Have you ever wondered why even though you apply for lots of roles, either you don’t hear back or miss out on shortlisting? It might be the case that you’ve got some excellent skills and experience and you know that you would be a great candidate for a role – but that’s just where there may be an issue – YOU know you would be, but are you making it clear enough? Often applications can come in to recruitment agencies and charities which aren’t always clear to read, or lack some crucial information about you, like a particular type of experience or how many events you’ve organised. Very often application forms can come in where the recruiter or charity can see potential in a prospective candidate gives them a call and finds out that in fact they would make a great candidate!
So the question is, how do you fill out an excellent, clear and descriptive application form?
We’ve come up with a few tips below to try and help, and if you’ve got any other helpful tips then we’d love to hear from you – simply email us.
- Read the Application Pack Thoroughly – It may sound like a simple request, but often when prospective candidates come to fill in their application form they can sometimes forget that they need to address every point in the application pack. If there is a list of essential and desirable skills or qualities, list these down and explain how you match each of them. If there are certain personal qualities or interests that the charity asks for then explain and give examples of you having them. Remember that you may have transferrable skills too – there might for example be a mention of event management as a charity member, but if you’ve managed an event as a volunteer then that is still useful to mention!
- Give Examples – Quite often a candidate may say that they are good at such and such, but if you’ve not given evidence showing how or why you are whatever this is then its difficult for the recruiter or charity to appreciate your abilities.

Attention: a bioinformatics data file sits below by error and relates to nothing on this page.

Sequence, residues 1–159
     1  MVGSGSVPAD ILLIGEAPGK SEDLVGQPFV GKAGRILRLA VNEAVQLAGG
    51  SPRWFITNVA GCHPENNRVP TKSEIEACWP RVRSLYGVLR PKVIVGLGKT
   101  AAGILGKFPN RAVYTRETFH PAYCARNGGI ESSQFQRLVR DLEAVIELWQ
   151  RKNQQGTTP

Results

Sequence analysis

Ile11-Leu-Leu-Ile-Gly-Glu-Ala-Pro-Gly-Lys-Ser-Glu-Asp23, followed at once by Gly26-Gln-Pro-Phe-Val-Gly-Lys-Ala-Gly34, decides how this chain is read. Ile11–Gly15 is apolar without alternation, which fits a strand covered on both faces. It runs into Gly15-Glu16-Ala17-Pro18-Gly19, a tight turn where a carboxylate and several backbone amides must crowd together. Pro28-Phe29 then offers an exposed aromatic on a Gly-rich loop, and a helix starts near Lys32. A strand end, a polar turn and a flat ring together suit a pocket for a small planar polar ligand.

- Be Clear – don’t presume that recruiters of charities will understand everything without explanation – of course you don’t need to explain what fundraising is, but if you’re using business style abbreviations then it can be useful to explain these if relevant. Also, often candidates are willing to move location for a role, and if this is the case then make it clear on your application. We’ve all been confused when a candidate living in Sydney applies for a role in Edinburgh – until we find out that they have been in a temporary role abroad and are moving back to the UK!
- Try Not to Leave it Too Late – We all live busy lives, but if there’s any chance that you can get your application form filled out a week or so before the closing date you are really setting yourself up for lots of benefits (not only concerning your blood pressure). If you fill out your form in advance then you can get friends and family to check it for you for little mishaps or you might even be able to get in contact with the recruitment agency and ask that they briefly look it over before you send the final version to them. A fresh set of eyes over your application can be very helpful.
- Don’t Panic, Ask for Help – If you’re having difficulty filling in your application form, get in touch with the recruiter and ask for a bit of help, we are always happy to do this! Sometimes things can be confusing in this kind of form so a hand can be very welcome.
- Do Your Research – You might be surprised by the number of potential candidates who don’t do their research on the charity whose role they are applying for. You’d think that surely candidates would want to know exactly what kind of charity they are effectively signing themselves up to possibly be a part of! Particularly when it comes to interview it is essential that you’re up to date with the main facts about the charity. No one wants to asked in interview what they think of the £2 million project which the charity is fundraising for, only to have not known about it at all. Show your interest and passion for the charity you are applying for!
- Simply Does It – We’re talking about the presentation of your application (or indeed CV or covering letter too). As a rule of thumb size 12 or 10 Ariel font in a safe option. Don’t use comic sans. Ever.